What is end stage liver disease (ESLD) or cirrhosis?
Some diseases destroy healthy liver cells or replace them with scarred (fibrous) tissues causing loss of liver function. When a large part of the liver is scarred, it is called cirrhosis. Cirrhotic liver loses its capacity to regrow or regenerate causing loss of liver function; this is often progressive and irreversible. Cirrhosis cannot be treated or reversed with any medicines.
Liver has the capacity to regenerate. Even if 70% of the liver is damaged, the remaining liver can provide adequate organ function. However, damage beyond this causes loss of liver function or organ failure, called end stage liver disease (ESLD).
Although cirrhosis cannot be reversed, if diagnosed at an early stage, treating its cause such as viral or autoimmune hepatitis or abstinence from alcohol can halt its progression.
What are the signs and symptoms of liver disease?
Patients with cirrhosis feel normal until ESLD sets in, when following signs and symptoms may develop:
- Yellowness of skin and white portions of the eyes or passing dark yellow urine (jaundice)
- Swollen abdomen - fluid build-up in abdomen (ascites)
- Excessive sleepiness, inability to sleep, becoming forgetful, drowsy or confused (encephalopathy), due to build-up of ammonia and other toxins
- Throwing up blood (blood vomiting), passing tarry black stools or fresh red bleeding in stools due to bleeding in intestines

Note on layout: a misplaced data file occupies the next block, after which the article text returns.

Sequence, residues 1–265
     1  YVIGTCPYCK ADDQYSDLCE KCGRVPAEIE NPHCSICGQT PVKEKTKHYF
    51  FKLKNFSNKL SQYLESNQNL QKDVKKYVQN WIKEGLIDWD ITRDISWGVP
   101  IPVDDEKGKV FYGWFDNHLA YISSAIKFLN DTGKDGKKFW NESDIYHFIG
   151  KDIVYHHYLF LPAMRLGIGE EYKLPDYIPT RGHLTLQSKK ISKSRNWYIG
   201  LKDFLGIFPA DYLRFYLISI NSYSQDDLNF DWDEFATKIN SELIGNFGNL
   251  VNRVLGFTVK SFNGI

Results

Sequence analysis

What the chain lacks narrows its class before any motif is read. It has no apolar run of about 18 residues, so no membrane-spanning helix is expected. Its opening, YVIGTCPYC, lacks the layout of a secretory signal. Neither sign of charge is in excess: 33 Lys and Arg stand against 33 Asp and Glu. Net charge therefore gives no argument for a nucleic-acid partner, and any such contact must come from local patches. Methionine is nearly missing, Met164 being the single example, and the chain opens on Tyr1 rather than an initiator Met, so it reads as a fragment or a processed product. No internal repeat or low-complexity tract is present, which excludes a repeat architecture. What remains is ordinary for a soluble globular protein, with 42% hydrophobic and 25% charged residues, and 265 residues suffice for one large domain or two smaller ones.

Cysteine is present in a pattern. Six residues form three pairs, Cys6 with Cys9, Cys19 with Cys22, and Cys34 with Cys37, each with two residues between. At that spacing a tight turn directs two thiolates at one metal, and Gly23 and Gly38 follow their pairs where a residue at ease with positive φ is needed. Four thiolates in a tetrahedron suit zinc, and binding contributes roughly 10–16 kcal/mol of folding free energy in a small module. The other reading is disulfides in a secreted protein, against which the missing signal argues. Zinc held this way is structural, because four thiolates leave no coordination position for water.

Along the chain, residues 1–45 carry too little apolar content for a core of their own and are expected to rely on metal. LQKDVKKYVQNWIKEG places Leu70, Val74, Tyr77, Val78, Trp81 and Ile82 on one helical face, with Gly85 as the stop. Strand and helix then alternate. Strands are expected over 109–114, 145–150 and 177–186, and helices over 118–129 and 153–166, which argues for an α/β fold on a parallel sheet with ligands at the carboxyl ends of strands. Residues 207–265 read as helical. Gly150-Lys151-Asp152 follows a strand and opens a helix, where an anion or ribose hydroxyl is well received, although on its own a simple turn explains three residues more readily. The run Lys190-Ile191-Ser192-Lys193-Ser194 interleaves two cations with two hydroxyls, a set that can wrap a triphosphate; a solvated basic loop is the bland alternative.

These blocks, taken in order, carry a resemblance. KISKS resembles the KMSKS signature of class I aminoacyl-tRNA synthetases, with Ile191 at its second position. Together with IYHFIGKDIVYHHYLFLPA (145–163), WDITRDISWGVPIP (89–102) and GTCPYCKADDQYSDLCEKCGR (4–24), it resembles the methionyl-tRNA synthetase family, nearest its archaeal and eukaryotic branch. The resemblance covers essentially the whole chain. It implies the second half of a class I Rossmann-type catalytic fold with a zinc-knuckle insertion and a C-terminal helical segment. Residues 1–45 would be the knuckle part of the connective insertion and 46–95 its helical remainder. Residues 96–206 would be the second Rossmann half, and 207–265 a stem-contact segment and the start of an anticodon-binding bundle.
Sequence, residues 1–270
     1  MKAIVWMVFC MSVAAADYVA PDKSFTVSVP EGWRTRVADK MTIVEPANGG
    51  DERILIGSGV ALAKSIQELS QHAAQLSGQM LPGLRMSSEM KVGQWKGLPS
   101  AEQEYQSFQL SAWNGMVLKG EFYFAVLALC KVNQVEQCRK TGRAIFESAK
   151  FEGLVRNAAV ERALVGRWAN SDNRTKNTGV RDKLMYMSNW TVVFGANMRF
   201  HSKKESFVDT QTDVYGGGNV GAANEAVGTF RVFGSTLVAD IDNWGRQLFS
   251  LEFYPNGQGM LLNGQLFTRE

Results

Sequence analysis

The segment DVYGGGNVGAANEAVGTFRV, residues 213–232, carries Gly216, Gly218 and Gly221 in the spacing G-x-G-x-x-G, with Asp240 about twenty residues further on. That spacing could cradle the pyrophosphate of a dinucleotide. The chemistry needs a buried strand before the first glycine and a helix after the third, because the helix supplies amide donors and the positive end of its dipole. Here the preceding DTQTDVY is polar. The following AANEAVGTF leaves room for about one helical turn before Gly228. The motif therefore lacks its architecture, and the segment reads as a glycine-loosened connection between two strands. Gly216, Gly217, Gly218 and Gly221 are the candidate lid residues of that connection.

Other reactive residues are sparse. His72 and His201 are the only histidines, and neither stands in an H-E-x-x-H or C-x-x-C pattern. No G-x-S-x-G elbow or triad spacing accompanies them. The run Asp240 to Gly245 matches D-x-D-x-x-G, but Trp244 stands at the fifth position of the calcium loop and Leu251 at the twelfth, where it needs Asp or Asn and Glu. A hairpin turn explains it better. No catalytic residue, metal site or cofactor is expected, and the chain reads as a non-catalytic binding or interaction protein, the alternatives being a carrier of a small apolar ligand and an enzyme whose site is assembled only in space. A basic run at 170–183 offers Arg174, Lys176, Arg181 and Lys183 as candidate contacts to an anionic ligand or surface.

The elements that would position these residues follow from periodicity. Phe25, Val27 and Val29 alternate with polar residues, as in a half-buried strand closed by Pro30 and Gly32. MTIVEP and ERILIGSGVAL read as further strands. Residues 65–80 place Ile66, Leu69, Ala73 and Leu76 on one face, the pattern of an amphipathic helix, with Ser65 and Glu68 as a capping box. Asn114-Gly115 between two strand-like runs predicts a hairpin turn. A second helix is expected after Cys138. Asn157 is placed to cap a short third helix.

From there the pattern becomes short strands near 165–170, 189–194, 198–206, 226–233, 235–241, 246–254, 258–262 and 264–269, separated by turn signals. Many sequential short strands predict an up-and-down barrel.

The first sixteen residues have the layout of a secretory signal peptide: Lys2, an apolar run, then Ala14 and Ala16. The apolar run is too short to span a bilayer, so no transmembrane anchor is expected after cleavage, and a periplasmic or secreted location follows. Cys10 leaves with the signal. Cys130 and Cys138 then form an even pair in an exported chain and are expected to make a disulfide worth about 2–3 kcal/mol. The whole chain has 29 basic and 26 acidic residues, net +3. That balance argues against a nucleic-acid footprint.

- Passing light or clay coloured stools
- Easy or excessive bruising or bleeding even from simple wounds
- Constant and severe itching (pruritus) all over the body
- Feeling tired or weak
- Unintentional weight loss
- Loss of appetite
- Loss muscle mass
- Swelling (edema) of hands and feet
Patients with mild liver damage might not experience any of the above symptoms and may only require medical or endoscopic therapy. Occurrence of above symptoms is called as decompensation and generally indicates poor or inadequate liver function or failure of medical therapy. Some symptoms are more serious than others; especially fever, blood vomiting and mental confusion demand immediate medical attention.
Unfortunately, by the time patients undergo tests and are diagnosed with liver problems, they already have decompensation (worsening) or advanced chronic liver disease with limited reserve and short life expectancy.
Some common findings on initial tests in cirrhotic patients are:
- High bilirubin
- Low albumin
- High prothrombin time (INR)
- Low platelet count
What is acute or fulminant liver failure?
Acute liver failure (ALF) is a devastating and life-threatening condition in which there is sudden and rapidly progressive damage to the liver developing over a few days or weeks in an otherwise normal individual. Its signs and symptoms typically start with jaundice and have a rapidly worsening course. Patients may become forgetful, drowsy or confused and may progress to coma over few hours to days.
Some diseases causing acute liver failure are:
- Infection with hepatitis A or E virus
- Side effects of medicines (anti-tubercular, paracetamol, ayurvedic drugs)
- Fatty liver during pregnancy